Friday, March 6, 2009

Responding to R. A. Torrey on Smoking

Just when I thought I had done enough of the good work of defending smoking (and here's the follow-up), R. A. Torrey comes out and posts five reasons why Christians shouldn't smoke. I can only assume that Dr. Torrey reads our blog and was writing in response to it...

I'll be brief, and I'll go point-by-point. The objections are direct quotes from Torrey.

Objection #1 "Tobacco costs money and does the one who uses it no good and the money that belongs to God is squandered. Many professedly Christian men spend as much money every year on tobacco as would support several native workers in China or India or Africa."

This is nothing if not a good reminder that we need to be wise about spending money on earthly pleasures.

That said, my two pipes together cost me a little over 100 dollars. I have two specifically so that others who enjoy pipe-smoking but who do not own a pipe can smoke with me. A tin of my favorite tobacco is about thirteen dollars. I buy one tin roughly every three months. So after the initial cost, I spend between 60 and 75 dollars per year on smoking. I think that's reasonable.

Cigar smoking is more expensive (one good stick is typically at the very least seven or eight bucks) and addicted cigarette smokers are spending way too much. Torrey's point here is worthy of serious consideration in general: are we wisely spending our money for eternal purposes? I do not think occasional pipe-smoking violates this.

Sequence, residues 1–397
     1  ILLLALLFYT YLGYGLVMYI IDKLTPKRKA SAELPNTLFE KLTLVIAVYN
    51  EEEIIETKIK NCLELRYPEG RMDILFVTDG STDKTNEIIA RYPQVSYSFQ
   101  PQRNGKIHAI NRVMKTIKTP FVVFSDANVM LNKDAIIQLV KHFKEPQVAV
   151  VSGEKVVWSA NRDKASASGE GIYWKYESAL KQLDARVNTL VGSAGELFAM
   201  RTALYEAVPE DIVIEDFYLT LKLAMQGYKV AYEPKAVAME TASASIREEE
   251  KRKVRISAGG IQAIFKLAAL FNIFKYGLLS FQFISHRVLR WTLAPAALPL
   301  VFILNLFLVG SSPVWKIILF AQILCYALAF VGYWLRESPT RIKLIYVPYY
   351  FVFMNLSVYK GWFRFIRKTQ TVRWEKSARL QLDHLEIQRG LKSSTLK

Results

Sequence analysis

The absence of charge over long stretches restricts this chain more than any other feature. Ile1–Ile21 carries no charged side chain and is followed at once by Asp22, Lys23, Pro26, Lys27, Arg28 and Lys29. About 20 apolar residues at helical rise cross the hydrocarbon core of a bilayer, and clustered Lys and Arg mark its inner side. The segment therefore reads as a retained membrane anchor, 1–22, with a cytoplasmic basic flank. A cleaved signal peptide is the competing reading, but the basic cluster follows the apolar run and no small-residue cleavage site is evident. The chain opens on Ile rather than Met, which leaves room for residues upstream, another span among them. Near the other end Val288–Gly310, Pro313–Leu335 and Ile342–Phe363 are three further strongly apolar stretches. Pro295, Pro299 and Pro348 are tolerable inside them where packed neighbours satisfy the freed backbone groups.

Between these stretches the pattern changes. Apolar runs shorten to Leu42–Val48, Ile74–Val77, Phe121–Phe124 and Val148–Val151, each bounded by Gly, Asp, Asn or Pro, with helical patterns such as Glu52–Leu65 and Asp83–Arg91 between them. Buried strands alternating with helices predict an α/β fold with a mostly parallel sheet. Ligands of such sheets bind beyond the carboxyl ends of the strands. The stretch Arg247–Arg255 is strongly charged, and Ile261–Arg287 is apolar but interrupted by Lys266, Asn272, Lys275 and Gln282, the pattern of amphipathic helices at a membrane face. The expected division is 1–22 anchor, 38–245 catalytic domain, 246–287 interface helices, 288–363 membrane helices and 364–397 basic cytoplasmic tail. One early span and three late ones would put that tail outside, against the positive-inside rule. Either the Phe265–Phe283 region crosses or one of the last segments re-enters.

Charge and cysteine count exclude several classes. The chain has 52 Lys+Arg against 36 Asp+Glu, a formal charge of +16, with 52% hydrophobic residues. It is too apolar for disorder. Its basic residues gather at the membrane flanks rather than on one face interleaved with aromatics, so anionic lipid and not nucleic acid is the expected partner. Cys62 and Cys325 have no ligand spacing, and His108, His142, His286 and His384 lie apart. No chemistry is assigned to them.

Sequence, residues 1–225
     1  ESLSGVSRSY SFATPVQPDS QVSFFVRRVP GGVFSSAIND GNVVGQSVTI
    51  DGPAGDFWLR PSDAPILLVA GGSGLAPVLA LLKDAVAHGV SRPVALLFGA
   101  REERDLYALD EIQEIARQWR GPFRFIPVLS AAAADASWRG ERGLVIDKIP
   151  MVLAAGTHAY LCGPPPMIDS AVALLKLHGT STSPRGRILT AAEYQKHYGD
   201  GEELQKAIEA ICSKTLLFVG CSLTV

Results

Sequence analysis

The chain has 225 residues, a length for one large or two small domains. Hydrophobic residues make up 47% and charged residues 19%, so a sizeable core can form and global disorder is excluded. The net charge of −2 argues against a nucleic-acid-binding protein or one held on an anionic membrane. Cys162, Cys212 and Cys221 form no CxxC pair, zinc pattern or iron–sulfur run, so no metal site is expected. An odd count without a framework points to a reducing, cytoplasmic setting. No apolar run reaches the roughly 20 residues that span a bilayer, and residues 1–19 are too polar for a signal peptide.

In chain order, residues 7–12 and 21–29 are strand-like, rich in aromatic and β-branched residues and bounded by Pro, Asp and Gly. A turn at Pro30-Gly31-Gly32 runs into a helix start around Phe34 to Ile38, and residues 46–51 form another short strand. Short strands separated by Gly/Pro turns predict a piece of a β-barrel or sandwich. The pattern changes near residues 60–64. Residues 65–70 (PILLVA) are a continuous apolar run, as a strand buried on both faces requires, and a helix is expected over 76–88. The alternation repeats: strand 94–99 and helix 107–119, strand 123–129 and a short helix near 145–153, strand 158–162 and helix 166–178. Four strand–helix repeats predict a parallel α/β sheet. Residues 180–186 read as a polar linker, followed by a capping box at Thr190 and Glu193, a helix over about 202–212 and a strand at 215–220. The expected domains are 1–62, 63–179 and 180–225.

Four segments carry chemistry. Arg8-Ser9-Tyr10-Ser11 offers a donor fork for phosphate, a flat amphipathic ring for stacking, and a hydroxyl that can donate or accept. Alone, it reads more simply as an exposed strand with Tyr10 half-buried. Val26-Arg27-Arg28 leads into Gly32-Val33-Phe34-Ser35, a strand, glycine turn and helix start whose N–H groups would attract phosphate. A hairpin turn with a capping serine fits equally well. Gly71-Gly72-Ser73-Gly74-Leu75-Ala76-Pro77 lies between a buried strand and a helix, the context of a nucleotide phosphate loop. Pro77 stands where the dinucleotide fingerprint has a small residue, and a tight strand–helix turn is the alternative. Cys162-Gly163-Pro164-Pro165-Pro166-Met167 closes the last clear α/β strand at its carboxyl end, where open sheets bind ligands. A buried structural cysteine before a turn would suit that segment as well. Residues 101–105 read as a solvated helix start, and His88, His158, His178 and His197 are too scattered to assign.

Objection #2: "Tobacco is physically injurious to at least the overwhelming majority of those who use it. Some it hurts more than it does others. Many a minister’s life has been shortened by the use of tobacco. Our bodies are the temples of the Holy Ghost and we have no right to do anything that impairs their health or strength."

I've addressed this in both of my posts linked above and won't bother doing it again here.

Objection #3: "The use of tobacco is a filthy habit. It cannot be made anything but filthy. Some are not so filthy as others in their use of tobacco but every tobacco user sooner or later becomes more or less a filthy person, and we are specifically commanded in the Word of God to 'Cleanse ourselves from all filthiness of the flesh.'"